Two of the three discs in the set are dual layered. On each of those discs the layer break is placed between episodes.
There is one audio track present, Dolby Digital 2.0 (192Kb/s).
The dialogue is quite clear. It does have occasional points where it is not in great sync, but no more on average than most low budget television shows.
The surround channels are not used, but dynamic range is enough for the subwoofer to pick up on the music and effects to a limited degree - more or less what is reasonable to expect from a show of this age.
|Surround Channel Use|
The only surprise you will find here is the annoying anti-piracy ads, although they can be skipped by pressing the menu button on the player.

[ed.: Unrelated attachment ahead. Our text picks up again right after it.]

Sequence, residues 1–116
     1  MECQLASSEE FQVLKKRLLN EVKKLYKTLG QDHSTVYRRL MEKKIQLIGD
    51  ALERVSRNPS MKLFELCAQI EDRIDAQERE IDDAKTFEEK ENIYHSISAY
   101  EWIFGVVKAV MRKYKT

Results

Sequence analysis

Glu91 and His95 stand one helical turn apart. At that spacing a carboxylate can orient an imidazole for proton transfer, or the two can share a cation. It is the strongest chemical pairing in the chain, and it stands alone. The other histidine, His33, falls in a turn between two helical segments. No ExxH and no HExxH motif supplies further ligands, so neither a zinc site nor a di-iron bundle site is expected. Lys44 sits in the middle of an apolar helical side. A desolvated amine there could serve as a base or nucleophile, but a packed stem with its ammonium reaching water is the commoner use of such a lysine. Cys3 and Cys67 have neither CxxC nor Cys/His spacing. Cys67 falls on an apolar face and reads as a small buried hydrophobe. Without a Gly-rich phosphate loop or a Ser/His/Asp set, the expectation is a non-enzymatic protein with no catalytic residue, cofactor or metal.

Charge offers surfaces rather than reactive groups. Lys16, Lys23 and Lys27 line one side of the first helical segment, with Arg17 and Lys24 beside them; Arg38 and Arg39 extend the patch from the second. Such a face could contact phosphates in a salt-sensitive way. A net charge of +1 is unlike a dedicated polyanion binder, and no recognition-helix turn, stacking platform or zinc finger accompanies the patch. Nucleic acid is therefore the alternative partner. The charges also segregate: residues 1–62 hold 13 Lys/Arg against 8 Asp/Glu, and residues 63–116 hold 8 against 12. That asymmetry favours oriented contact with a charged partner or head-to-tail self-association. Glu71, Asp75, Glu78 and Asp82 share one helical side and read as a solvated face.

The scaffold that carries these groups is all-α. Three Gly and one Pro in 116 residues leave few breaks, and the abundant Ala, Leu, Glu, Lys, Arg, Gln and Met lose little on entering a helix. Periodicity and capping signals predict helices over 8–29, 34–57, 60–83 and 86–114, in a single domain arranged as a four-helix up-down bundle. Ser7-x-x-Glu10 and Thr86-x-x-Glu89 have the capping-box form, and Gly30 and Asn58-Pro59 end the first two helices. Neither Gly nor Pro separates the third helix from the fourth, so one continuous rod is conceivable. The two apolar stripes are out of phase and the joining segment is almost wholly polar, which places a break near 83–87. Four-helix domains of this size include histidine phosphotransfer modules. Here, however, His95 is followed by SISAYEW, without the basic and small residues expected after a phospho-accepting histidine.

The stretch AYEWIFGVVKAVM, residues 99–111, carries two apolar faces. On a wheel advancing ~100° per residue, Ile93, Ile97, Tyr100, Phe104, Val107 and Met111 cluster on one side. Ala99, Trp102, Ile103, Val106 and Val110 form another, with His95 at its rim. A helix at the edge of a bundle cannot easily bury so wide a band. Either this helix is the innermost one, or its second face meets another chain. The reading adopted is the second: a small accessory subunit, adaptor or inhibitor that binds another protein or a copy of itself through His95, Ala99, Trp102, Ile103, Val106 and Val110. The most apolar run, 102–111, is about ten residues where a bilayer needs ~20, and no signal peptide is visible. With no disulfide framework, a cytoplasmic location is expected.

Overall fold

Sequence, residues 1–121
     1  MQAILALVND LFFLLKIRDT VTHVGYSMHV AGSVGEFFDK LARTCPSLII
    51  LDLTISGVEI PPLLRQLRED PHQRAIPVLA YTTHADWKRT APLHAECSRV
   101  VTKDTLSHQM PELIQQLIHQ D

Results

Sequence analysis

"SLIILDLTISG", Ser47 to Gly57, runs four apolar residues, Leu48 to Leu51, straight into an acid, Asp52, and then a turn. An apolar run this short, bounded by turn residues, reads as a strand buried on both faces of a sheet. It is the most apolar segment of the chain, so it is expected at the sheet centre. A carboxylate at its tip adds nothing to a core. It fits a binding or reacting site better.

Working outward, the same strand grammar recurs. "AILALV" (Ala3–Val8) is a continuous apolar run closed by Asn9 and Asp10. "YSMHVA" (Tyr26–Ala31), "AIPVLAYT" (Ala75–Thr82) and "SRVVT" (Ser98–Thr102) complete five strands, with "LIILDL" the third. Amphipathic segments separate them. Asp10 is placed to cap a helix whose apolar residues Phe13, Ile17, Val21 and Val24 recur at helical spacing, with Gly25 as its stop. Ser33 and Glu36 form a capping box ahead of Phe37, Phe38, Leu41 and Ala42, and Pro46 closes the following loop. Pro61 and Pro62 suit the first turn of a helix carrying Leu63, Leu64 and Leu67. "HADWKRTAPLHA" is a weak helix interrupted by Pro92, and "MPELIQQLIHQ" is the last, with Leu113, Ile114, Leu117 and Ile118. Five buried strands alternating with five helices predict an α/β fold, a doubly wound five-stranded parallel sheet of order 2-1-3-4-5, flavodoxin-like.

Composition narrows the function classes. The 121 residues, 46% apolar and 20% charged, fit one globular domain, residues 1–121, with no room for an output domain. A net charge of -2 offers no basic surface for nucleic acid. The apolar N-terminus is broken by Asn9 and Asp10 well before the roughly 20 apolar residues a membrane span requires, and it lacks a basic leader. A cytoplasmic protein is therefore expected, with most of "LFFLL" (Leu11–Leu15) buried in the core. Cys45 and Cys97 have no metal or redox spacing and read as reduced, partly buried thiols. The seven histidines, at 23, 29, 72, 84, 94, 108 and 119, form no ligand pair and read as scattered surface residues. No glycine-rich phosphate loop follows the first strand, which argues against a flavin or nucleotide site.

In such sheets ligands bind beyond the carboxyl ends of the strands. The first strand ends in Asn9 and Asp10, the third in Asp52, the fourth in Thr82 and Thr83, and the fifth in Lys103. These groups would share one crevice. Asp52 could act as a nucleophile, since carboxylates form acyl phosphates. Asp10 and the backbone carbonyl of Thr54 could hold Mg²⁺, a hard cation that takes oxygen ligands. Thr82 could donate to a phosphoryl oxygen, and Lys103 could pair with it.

NOTE: To view non-R4 releases, your equipment needs to be multi-zone compatible and usually also NTSC compatible.
Mortal Kombat: Conquest has not been released in Region 1. A number of assorted episodes have been released in Region 2, but not the full series nor are those released presented in a series order as is the case with the Region 4 release.
Mortal Kombat: Conquest is a true guilty pleasure that is likely to give both fans of the games and late night trash TV what they are looking for in a budget-priced multi disc set.
The video quality varies between episodes, but is certainly adequate, although marred by interlacing artefacts throughout. The audio is quality is good for a series of its age - dance music and martial arts, what a combo!
|DVD||LG V8824W, using S-Video output|
|Display||LG 80cm 4x3 CRT. Calibrated with THX Optimizer. This display device is 16x9 capable.|
|Audio Decoder||Pioneer VSX-D512. Calibrated with Video Essentials/Digital Video Essentials.|
|Speakers||150W DTX front speakers, and a 100W centre and 2 surrounds, 12 inch PSB Image 6i powered sub|